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The Storage Story

1.CLC01BC-Le-Modulor-FigureThe haulage, distribution and warehousing industry seems to understand it well enough. Storage has officially become a science. The messages emblazoned on the sides of trucks tell the story loud and clear. Complex Logistics Integrated Supply Chain Management,  Warehouse Analysis and Global Location Operation and Movement Systems.

Not that long ago, when the world was a simpler and less scientific place, goods were made and lorries simply moved them. Today, however, sophisticated computer programmes, scanners, satellite tracking and positioning devices keep us informed about where merchandise is located so that it can be delivered instantly whenever and where-ever it is needed.

We definitely need the same sort of systems at home as storage (and remembering where important things have been put away for safe keeping) has become such a nightmare that only a scientific approach can save us from oblivion.

The main problem is where to store everything conveniently and orderly. Todays houses are being built without cellars and rarely include attics, the two most established and traditional storage spaces. Cupboards under the stairs are way out of fashion as this space tends to be left open or used to squeeze in an extra toilet with a minuscule washbasin which barely protrudes from the wall,or the proverbial computer home office space. New developments of apartments are forced to keep space to the absolute minimum, both within the apartment itself and in any communal areas so storage is forfeited due to basic economics. Bedrooms have the skinniest wardrobes and lower ceilings mean that out of the way shelves and cupboards simply don’t fit in.

At the same time, there seems to be more and more to actually store. More clothes and shoes than previous generations (Mrs. Marcos excluded). Homes are better equipped with bigger televisions, DVDs, sound systems, telephones, security devices, computers, printers, cameras, electronic games, fans and air coolers. Every one of them has an instruction manual, often unnecessarily printed in fourteen languages with a list of service centres in forty-seven different countries. Each of these has to be kept safely to hand in case anything goes wrong and, believe me, things do go wrong! On top of these, often literally, are the operator manuals for the washing machine, dryer, oven, hob, fridge/freezer, extractor fan, microwave, answer machine, intruder alarm, heating system and many other appliances. A veritable library when the guarantees, registration documents and service contract details are included.

On top of all that, there are more books, magazines, CDs, photographs, ornaments, souvenirs and seasonal goodies ranging from Christmas baubles to Easter decorations that are in desperate need of a home. Goodness knows how the avid collector manages to find space for that collection of stamps, coins, models or whatever.

Kitchen storage has been ingeniously increased over the years. Manufacturers rightly pride themselves with finding solutions to squeeze in units that pull out, slide, lift up or pivot to give more storage space for those bread and ice cream makers, mixers, blenders, processors, pasta makers and other specialist equipment.  Unfortunately, as many of our homes become smaller with a whole raft of starter or first time buyer homes, studios, living pods and one bedroom flats for the increasing live alone population,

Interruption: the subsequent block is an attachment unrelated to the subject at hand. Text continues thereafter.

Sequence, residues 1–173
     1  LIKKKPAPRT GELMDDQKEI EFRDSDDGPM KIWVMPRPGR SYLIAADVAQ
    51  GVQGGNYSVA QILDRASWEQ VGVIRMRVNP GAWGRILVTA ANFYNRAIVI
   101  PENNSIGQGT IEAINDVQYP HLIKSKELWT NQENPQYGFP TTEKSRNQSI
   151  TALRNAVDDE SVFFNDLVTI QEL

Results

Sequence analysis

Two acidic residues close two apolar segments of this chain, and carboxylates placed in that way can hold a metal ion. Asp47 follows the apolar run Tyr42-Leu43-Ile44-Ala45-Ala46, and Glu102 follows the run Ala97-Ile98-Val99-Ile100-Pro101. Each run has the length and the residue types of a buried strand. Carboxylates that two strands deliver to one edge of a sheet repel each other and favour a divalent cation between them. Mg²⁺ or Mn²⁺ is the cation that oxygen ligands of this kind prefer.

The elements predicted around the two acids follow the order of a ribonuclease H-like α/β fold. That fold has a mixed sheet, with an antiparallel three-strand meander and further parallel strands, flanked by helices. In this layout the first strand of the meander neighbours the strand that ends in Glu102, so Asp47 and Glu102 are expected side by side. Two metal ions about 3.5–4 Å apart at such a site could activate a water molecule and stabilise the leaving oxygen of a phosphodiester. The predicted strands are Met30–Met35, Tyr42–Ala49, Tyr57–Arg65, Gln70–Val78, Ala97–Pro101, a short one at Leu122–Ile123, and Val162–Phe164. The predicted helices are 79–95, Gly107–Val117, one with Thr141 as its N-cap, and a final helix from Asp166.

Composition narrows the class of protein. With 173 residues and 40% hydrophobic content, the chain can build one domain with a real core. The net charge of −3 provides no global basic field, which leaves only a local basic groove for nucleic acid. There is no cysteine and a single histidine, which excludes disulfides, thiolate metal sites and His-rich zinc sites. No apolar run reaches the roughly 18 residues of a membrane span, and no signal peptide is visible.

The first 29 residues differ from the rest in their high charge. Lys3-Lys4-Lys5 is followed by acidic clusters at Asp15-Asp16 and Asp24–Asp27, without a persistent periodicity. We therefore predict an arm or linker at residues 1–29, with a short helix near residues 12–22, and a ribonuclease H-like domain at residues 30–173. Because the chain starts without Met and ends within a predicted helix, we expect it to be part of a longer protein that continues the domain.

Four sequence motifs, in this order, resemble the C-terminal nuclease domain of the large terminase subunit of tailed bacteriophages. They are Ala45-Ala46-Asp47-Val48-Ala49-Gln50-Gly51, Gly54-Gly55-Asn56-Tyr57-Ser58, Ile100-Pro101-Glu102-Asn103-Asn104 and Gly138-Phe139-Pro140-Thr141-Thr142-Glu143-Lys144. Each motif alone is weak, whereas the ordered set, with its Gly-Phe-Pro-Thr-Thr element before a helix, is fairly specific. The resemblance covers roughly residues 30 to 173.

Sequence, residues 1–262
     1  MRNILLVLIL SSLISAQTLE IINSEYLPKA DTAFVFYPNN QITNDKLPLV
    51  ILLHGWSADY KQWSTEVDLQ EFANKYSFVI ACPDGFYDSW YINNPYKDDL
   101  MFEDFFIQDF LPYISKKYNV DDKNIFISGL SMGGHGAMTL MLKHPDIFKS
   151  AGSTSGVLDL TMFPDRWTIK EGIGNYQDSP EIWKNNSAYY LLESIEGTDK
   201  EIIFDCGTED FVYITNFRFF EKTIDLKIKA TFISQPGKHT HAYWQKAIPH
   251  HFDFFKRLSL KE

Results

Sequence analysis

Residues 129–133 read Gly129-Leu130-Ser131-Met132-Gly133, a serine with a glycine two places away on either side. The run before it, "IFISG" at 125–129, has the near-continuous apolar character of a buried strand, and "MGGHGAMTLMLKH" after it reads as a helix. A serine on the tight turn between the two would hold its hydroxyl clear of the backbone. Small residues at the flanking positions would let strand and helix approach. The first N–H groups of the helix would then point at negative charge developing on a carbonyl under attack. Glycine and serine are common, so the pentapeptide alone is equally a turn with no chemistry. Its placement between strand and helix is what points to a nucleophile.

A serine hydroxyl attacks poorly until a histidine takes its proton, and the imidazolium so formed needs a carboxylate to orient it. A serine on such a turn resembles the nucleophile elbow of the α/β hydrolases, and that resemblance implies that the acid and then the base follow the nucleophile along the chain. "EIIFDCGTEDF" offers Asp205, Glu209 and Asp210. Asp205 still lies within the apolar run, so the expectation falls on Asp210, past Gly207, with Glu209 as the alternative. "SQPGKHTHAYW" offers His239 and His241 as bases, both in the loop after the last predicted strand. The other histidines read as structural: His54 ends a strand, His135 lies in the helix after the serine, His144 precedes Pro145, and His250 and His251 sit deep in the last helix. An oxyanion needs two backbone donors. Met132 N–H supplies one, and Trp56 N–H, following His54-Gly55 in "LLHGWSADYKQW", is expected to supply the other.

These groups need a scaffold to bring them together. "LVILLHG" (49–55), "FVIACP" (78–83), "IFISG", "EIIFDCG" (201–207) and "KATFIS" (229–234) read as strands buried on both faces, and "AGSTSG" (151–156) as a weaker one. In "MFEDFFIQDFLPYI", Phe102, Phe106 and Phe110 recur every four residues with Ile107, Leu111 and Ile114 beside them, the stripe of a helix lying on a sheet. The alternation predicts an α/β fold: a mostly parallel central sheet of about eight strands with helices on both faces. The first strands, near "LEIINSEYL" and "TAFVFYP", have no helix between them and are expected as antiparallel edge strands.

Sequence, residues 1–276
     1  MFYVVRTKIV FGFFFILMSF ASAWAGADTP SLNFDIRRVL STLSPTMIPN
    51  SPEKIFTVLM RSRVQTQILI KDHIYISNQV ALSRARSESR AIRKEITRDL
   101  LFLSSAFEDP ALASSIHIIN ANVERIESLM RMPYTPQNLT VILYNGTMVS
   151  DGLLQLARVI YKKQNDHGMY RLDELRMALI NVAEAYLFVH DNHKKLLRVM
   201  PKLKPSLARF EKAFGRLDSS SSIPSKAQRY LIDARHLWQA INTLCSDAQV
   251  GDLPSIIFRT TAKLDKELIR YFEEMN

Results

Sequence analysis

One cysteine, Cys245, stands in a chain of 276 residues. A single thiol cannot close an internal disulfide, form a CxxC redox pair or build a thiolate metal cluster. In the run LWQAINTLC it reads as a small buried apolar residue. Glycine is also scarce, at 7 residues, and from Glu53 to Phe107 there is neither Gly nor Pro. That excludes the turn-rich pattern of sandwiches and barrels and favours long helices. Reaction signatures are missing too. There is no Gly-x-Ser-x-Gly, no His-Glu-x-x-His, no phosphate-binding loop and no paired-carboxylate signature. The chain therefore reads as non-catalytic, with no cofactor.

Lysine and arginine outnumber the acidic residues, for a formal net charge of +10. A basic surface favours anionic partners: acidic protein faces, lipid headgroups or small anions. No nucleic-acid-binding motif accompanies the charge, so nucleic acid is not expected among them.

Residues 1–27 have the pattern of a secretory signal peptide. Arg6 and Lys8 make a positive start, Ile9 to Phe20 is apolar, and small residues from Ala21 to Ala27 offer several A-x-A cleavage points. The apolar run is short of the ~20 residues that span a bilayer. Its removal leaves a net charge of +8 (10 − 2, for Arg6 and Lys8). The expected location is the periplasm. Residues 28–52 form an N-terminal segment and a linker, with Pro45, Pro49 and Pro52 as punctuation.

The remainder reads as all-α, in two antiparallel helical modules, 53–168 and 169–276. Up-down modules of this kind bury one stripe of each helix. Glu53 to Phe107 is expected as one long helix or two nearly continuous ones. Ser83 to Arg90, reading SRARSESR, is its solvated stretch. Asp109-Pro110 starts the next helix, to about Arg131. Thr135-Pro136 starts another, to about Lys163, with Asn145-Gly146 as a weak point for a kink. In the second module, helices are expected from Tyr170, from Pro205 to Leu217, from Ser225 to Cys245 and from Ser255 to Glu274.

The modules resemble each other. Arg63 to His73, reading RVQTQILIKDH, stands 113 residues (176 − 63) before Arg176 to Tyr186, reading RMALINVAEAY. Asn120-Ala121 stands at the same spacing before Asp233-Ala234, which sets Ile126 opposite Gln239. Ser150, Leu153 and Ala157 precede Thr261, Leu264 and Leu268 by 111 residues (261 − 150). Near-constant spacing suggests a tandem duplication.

storage becomes scarcer, the problem is plainly getting worse.

In Japan twenty years ago, this had already been recognised and ingenious under-floor storage boxes and cavity walls filled with accessible shelves were becoming common. The idea of drawers in the base of a bed has spread to include storage units under sofas and multifunctional furniture that can change a step ladder into a table or chair and still incorporate a drawer or small cupboard.

Its not surprising that the size of bags and the number of pockets in our clothes have increased. We must now find space for all the essentials for a normal day out. Store, discount, debit and credit cards, gym membership and swipe cards, photo ID, mobile phone or Blackberry, Ipod or MP3 player (and the ear phones to go with it), keys for just about everything even before any personal items are included.

Don’t panic as help is at hand. The self store warehouses are popping up all over the place with 24 hour access to small cages where you can stash away all those things that you can’t find room for at home (except perhaps your pets!). Designers are also rising to the challenge. The familiar sofa that converts into a bed has now been paired up with low coffee tables that rise into a dining version, a bathroom mirror that revolves to reveal shelving, flip down computer tables, a sofa that houses stereo speakers and a chair that doubles up as a valet stand. In the television programme The Dragons Den, there was even an innocuous armchair that converts into a fully equipped gymnasium!

If that isn’t enough to put your mind at rest, you can always scan all the booklets and file all your documents on computer discs. But please remember where all the back up discs are stored and you may want to invest in a small mobile generator in case of more frequent power cuts. But there again, where are you going to keep that?